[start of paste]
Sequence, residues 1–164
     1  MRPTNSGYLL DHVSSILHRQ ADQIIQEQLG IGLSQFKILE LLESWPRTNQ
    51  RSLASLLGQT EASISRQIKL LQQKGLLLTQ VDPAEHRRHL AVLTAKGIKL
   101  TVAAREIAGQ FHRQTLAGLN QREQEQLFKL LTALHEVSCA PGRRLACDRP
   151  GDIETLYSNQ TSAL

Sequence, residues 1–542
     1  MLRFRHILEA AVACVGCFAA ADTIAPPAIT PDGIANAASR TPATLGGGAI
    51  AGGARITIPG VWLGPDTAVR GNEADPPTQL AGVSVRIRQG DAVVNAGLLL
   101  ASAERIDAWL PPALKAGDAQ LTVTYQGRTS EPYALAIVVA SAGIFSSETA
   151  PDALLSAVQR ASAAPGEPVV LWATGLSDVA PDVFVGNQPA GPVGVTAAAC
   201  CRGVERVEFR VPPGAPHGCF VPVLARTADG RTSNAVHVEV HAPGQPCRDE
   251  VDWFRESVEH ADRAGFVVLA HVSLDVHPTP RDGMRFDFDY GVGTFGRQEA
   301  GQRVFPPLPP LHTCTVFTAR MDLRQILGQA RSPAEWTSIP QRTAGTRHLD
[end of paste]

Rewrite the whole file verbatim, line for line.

Sequence, residues 1–164
     1  MRPTNSGYLL DHVSSILHRQ ADQIIQEQLG IGLSQFKILE LLESWPRTNQ
    51  RSLASLLGQT EASISRQIKL LQQKGLLLTQ VDPAEHRRHL AVLTAKGIKL
   101  TVAAREIAGQ FHRQTLAGLN QREQEQLFKL LTALHEVSCA PGRRLACDRP
   151  GDIETLYSNQ TSAL

Sequence, residues 1–542
     1  MLRFRHILEA AVACVGCFAA ADTIAPPAIT PDGIANAASR TPATLGGGAI
    51  AGGARITIPG VWLGPDTAVR GNEADPPTQL AGVSVRIRQG DAVVNAGLLL
   101  ASAERIDAWL PPALKAGDAQ LTVTYQGRTS EPYALAIVVA SAGIFSSETA
   151  PDALLSAVQR ASAAPGEPVV LWATGLSDVA PDVFVGNQPA GPVGVTAAAC
   201  CRGVERVEFR VPPGAPHGCF VPVLARTADG RTSNAVHVEV HAPGQPCRDE
   251  VDWFRESVEH ADRAGFVVLA HVSLDVHPTP RDGMRFDFDY GVGTFGRQEA
   301  GQRVFPPLPP LHTCTVFTAR MDLRQILGQA RSPAEWTSIP QRTAGTRHLD